Every key in Switzerland is unique because of the precise pattern drilled into it so it can fit just one door - even the edge is encoded.
OK, not just one door when you live in an apartment building because the same key opens the common front door of the building, the laundry room, the basement/garage doors, your personal storage locker, and your mailbox. All residents of the building have a similar key "family", but each is slightly different enough so that only your key will open your own apartment door.
Also, every key here has a serial number that identifies who it belongs to (building owner):
Another interesting aspect of these keys is that they can be inserted into the door in either orientation. As you can see the slot/divot pattern seems to be the same on both sides of the key.
If you lose a key it can be a NIGHTMARE. First of all, you can't just go to the local hardware store or locksmith and get a new one made. Nope. Each Swiss key starts with a unique key blank that is unique to a specific locksmith. If you lose your key, you have to notify your landlord and/or the police immediately. The landlord can decide how long to wait to see if it turns up as to what action (how much it is going to cost you) to take.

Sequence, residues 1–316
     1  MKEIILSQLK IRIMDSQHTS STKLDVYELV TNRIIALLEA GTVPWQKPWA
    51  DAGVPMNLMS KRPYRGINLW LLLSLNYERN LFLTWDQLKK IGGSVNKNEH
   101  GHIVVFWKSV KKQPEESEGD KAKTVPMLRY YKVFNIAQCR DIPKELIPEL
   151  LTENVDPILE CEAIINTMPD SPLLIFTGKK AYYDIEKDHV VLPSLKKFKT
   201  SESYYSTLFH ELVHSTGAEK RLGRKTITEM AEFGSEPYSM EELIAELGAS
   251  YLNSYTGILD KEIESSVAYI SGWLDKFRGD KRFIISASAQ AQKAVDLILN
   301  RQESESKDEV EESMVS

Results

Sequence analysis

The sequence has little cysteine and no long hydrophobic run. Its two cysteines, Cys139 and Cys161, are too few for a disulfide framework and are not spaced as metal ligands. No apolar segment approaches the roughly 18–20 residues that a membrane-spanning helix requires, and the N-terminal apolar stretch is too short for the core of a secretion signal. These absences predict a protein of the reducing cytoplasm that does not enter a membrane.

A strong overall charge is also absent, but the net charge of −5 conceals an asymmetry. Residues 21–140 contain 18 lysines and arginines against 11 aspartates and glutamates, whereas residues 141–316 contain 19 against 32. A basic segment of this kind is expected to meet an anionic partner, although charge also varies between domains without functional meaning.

An awesome thing about the Swiss is that for the most part they return stuff that does not belong to them. Like keys. Apparently it is common knowledge that if you find keys on the bus/train or on the street, you simply drop them in the nearest mailbox. The Swiss postal system (Die Post) forwards them to the Police Department who has a database of which key serial number goes to which property owner.
But let's say you lost your key while skiing or while abroad and it never turns up. In those cases the landlord will charge you to replace it. And being that it is Switzerland, it will cost you. Obviously if your keys were stolen and the suspected thief knows your address, then the entire building and all your neighbors would need new locks and keys and you would have to pay BIG bucks. But if the risk of the key falling into the "wrong hands" is low, the landlord may just replace your individual lock/key with one from the key "family". I have read stories of people being charged anywhere from 100CHF to 1,000CHF to replace keys - mostly due to how many locks have to be replaced.
We have all been trained to always know where our keys are at all times. This handy-dandy post it is the last thing we see when we leave the house:
My poem today unlocks the mystery of holding on to your keys:
is to never
©2018, Bridget Magee. All Rights Reserved.